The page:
[Show abstract][Hide abstract] ABSTRACT: Background. The purpose of this study was to report our experience with shoulder hemiarthroplasty in the context of old trauma.
Methods. 33 patients with failed treatment for a complex proximal humeral fracture underwent prosthetic hemiarthroplasty. There were 15 men and 18 women with a mean age of 58.1 years. The average period from initial treatment was 14.9 months. Sequelae included 11 malunions, 4 nonunions, 15 cases with avascular necrosis (AVN) and 3 neglected posterior locked dislocations. Follow up investigation included radiological assessment and clinical evaluation using the Constant score and a visual analogue pain scale.
Results. After a mean follow up of 82.5 months the median Constant score was 75.7 points, improved by 60% in comparison to preoperative values. Greater tuberosity displacement, large cuff tears and severe malunion were the factors most affected outcome. No cases of stem loosening or severe migration were noted. 60% of the patients were able to do activities up to shoulder level compared with 24% before reconstruction.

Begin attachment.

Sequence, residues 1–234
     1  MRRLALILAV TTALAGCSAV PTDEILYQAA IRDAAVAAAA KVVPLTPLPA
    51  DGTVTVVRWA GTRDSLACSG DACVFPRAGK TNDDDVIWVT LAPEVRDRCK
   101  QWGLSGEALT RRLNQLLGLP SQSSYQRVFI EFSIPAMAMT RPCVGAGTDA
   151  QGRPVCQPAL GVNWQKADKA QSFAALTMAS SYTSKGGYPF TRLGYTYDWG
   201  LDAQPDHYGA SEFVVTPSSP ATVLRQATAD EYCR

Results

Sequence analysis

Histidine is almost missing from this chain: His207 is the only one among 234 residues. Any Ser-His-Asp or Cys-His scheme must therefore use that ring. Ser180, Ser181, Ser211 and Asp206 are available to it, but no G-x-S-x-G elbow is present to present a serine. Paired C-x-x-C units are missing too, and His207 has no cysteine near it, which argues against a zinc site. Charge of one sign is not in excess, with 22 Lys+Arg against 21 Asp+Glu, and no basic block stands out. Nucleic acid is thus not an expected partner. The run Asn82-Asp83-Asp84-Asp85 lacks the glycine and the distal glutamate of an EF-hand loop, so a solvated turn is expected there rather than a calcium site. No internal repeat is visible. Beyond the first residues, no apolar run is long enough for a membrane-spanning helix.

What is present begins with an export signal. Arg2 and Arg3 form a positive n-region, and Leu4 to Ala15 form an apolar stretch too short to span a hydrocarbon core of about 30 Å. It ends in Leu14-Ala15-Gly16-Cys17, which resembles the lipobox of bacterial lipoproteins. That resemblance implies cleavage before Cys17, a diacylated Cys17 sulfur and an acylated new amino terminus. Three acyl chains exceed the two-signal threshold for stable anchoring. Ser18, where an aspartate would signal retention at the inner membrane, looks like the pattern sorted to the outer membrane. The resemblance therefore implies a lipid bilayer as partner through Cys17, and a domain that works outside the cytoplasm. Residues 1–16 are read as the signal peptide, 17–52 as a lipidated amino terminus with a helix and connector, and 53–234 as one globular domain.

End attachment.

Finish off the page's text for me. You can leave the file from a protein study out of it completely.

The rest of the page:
Conclusions. Late shoulder hemiarthroplasty is technically difficult and the results are inferior to those reported for acute humeral head replacement, nonetheless remains a satisfactory reconstructive option when primary treatment fails.
[Show abstract][Hide abstract] ABSTRACT: Proximal humerus fractures are common injuries that are increasing in incidence with the aging of the population. While nonoperative treatment of some fracture patterns results in clinical success, other, more displaced and comminuted fractures may require surgery to ensure a successful outcome. It is important to evaluate both patient and fracture characteristics in deciding upon the appropriate type of treatment. Every effort should be made to perform a humeral sparing procedure in younger patients. In the elderly, especially with more complex four-part fractures and fracture dislocations, hemiarthroplasty and reverse total shoulder arthroplasty are indicated to decrease complication rates and improve functional outcomes. In hemiarthroplasties, it is critical to achieve proper implant height and positioning of the tuberosities. For those patients or fractures in which the tuberosities are unlikely to heal or cannot be adequately reconstructed, reverse total shoulder arthroplasty should be considered.